Prospect Report: Mets, Nationals, Rockies Prospects Shine On The Back Fields

Image credit: Alex Ramirez (Photo by Nick Cammett/Diamond Images via Getty Images)

Alex Ramirez, OF, Mets — The Mets No. 5 prospect had a standout day on the backfields in the High-A game against the Nationals. He homered and collected three hits. Ramirez has added strength and shown the ability to drive the ball in the air. He’s potentially poised for a breakout in 2023. He possesses bat speed, twitch, foot speed and a projectable frame. Improvements to his approach could lead to a better overall line this season. Likely to begin the season with High-A Brooklyn, Ramirez is a name to keep an eye on. —Geoff Pontes

Brady House, 3B, Nationals — After an injury-plagued first full season, House looks healthy and ready to make good on his potential. One of the more famous amateurs in recent memory, House showed off his raw power with a long home run to left field. He also stole a base in the game and came around to score. Likely to return to Low-A to begin the 2023 campaign, House is a bounceback candidate. His combination of raw power, feel to hit and athleticism could make him one of the top third base prospects in the game. —Geoff Pontes

Kevin Parada, C, Mets — The 11th overall pick in the 2022 draft, Parada started behind the plate in the High-A game against the Nationals on Tuesday. He hit a double to the wall and handled the pitching staff well. He also recorded a 1.97-second pop time to second in the ninth inning. There’s little question about Parada’s ability to hit, but his improved receiving and throwing is a welcome sign that he could stick behind the plate. Blessed with feel to hit and power, Parada is one of the top offensive catching prospects in the minors. —Geoff Pontes

Colin Barber, OF, Astros — The Astros’ No. 11 prospect had a strong but injury-plagued campaign in 2022. He shows the ability to handle an outfield corner at an average or better level and has always possessed contact and on-base ability. Previously he’s struggled to tap into his raw power, rarely pulling a ball in the air. That looks to be changing heading into 2023. Barber pulled a ball for a home run during an intrasquad game on Sunday and then did it again on Tuesday during the Double-A game off of Cardinals 2021 first-rounder Michael McGreevy. If Barber shows the ability to do this consistently throughout 2023 he could break out and earn a place on the Astros’ 40-man roster by season’s end. —Geoff Pontes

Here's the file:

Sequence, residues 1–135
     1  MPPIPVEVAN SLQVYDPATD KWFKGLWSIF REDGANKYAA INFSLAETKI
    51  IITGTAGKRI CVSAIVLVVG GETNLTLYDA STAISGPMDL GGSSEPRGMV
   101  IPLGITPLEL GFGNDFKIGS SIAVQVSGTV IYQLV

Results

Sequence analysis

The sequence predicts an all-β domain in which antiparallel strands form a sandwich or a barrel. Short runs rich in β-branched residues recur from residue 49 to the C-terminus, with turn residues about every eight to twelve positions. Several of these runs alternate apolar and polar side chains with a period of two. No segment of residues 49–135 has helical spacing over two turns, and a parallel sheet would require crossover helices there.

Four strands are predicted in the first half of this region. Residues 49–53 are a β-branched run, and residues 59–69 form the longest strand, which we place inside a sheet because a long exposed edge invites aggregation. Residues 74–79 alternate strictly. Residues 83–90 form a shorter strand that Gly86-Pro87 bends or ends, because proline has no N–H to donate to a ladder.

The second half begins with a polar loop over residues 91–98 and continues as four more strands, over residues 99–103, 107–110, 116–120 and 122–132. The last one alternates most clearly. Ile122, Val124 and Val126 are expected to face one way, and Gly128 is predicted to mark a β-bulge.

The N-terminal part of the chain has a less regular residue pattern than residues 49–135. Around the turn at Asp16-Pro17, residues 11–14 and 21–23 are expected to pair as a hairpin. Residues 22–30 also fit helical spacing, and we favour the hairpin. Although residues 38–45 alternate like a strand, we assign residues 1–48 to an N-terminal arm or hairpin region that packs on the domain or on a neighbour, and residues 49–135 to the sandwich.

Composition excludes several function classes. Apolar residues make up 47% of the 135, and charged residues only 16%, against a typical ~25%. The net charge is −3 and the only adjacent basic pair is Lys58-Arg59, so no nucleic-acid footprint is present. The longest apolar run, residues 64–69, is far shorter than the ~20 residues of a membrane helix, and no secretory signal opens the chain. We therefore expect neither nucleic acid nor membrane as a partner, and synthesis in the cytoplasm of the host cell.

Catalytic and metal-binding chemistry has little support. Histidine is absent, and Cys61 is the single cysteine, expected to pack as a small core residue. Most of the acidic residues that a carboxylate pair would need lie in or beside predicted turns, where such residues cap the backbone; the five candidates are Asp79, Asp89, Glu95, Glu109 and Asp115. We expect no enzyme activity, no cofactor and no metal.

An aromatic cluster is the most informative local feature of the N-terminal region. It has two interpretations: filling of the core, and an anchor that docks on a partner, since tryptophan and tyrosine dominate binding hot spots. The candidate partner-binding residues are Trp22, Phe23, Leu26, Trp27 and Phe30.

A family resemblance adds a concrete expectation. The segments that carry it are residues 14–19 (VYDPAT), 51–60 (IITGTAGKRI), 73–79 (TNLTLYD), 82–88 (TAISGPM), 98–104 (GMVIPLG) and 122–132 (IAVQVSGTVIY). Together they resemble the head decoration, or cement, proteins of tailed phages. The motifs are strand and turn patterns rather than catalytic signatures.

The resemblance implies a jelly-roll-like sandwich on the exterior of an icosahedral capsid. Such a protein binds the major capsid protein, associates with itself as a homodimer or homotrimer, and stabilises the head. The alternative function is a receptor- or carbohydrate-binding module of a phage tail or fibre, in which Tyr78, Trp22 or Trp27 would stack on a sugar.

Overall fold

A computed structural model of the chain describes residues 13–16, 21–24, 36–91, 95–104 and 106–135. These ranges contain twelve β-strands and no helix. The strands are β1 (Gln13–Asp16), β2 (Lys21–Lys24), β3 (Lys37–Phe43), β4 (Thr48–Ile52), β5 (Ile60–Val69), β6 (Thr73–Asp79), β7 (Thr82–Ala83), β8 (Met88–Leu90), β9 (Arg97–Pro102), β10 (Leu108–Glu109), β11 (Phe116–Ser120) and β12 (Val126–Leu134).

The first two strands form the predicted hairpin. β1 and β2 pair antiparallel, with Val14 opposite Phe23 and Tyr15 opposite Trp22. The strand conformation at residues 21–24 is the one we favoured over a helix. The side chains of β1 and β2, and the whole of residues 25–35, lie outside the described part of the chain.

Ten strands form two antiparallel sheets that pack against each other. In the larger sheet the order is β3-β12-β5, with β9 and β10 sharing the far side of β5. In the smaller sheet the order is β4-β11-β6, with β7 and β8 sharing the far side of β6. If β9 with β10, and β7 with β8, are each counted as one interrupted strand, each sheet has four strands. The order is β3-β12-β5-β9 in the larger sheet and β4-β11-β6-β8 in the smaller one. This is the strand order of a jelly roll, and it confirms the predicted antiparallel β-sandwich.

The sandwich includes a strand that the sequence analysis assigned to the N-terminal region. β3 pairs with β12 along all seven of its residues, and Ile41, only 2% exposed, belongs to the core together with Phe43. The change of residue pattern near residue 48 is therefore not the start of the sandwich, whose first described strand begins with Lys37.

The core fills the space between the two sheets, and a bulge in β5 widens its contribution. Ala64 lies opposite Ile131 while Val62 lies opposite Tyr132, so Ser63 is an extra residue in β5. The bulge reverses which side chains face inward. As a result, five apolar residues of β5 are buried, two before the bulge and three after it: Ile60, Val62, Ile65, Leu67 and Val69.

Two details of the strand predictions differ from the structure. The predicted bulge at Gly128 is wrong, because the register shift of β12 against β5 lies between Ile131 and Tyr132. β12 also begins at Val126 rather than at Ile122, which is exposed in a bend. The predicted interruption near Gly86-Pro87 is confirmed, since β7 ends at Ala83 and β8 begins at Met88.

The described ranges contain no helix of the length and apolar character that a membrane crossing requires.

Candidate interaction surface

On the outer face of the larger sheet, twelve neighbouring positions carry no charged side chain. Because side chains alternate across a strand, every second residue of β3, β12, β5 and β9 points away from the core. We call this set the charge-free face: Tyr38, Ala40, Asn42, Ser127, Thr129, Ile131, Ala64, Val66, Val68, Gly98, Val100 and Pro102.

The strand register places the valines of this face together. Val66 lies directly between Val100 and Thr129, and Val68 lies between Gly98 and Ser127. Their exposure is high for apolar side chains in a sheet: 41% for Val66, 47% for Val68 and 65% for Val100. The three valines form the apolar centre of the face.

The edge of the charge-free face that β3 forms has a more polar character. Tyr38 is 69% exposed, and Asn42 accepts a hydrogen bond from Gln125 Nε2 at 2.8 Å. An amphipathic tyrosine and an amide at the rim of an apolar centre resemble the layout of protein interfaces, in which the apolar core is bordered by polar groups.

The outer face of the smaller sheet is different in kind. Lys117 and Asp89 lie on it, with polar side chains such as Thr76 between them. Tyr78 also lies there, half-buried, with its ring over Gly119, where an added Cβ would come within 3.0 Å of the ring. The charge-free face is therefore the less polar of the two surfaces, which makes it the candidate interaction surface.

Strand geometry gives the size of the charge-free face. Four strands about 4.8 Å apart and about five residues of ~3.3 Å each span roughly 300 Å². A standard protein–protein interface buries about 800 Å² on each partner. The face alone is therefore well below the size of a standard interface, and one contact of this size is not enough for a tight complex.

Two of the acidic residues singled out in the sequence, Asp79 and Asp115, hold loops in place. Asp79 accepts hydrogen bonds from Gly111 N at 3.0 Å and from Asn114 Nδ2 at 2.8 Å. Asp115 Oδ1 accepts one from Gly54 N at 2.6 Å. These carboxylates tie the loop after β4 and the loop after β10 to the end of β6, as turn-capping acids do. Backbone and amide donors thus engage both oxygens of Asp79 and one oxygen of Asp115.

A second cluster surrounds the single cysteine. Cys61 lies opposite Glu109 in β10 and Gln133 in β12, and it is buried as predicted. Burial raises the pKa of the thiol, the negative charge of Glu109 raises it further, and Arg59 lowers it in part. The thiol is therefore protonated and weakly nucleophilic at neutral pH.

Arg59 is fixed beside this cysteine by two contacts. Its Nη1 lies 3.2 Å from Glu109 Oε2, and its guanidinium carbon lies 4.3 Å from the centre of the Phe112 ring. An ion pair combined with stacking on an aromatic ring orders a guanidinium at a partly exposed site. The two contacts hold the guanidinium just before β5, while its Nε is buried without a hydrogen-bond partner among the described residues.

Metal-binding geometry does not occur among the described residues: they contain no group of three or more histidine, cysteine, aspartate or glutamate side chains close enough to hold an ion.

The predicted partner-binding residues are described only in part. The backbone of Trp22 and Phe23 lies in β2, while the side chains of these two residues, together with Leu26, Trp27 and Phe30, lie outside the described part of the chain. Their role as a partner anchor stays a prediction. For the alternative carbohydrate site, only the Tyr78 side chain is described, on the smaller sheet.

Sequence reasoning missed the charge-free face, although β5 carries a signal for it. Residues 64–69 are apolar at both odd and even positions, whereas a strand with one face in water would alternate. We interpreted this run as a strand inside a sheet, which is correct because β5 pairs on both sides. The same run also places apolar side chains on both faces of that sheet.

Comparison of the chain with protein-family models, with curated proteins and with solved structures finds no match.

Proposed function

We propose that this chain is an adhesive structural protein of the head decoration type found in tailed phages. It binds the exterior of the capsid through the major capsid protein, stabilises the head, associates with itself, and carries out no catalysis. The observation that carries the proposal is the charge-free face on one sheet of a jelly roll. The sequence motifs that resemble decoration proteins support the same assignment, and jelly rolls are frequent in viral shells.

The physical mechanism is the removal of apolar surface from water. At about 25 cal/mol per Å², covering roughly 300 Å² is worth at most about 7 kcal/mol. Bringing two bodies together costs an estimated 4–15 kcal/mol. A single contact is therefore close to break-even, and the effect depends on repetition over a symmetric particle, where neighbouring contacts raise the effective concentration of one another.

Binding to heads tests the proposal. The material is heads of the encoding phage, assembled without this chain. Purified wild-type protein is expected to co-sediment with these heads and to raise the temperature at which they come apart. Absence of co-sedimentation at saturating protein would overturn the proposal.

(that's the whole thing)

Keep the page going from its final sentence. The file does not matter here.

Zac Veen, OF, Rockies —  Veen has long been known as one of the most electric prospects in the game. He reinforced that reputation on Tuesday. Batting leadoff in the Rockies’ Double-A game, Veen smoked the first two pitches he saw from Angels righthander Landon Marceaux for a long home run to right field and a triple to dead center field. In his third at-bat, Veen dropped a double into the corner in left field. Three at-bats, three extra-base hits, one to each sector of the outfield. Veen didn’t get a chance to complete the cycle, however, after being pinch-hit for before his fourth at-bat. — Josh Norris

Victor Juarez, RHP, Rockies — Colorado’s system has vastly improved in recent years, and sneaky prospects like Juarez are part of the organization’s depth. The righthander started in Colorado’s High-A game on Tuesday and chewed through the Angels’ lineup. Juarez, still just 19, is not the most overpowering prospect in the world, but his fastball has plenty of life in the low 90s, and he can use his changeup and sharp slider to neutralize hitters on both sides of the plate. Moreover, he’s shown the ability to command both sides of the plate to a degree uncommon among pitchers in his age group. He’ll likely head to High-A, where he’ll be part of a loaded Spokane roster in the Northwest League. — Josh Norris

Jackson Cox, RHP, Rockies — Cox, a Washington high school product, was the Rockies’ second-round pick in 2022. The righthander pitched the middle portion of Colorado’s Low-A game against the Angels. He showed a low-90s fastball that touched 95 mph and flashes of the nasty, high-spin breaking ball that helped make him famous. He also mixed in a changeup with fading life. Cox has plenty of potential, but—as would be expected from any high school pitching prospect—there’s plenty to do in terms of remaining consistent. — Josh Norris

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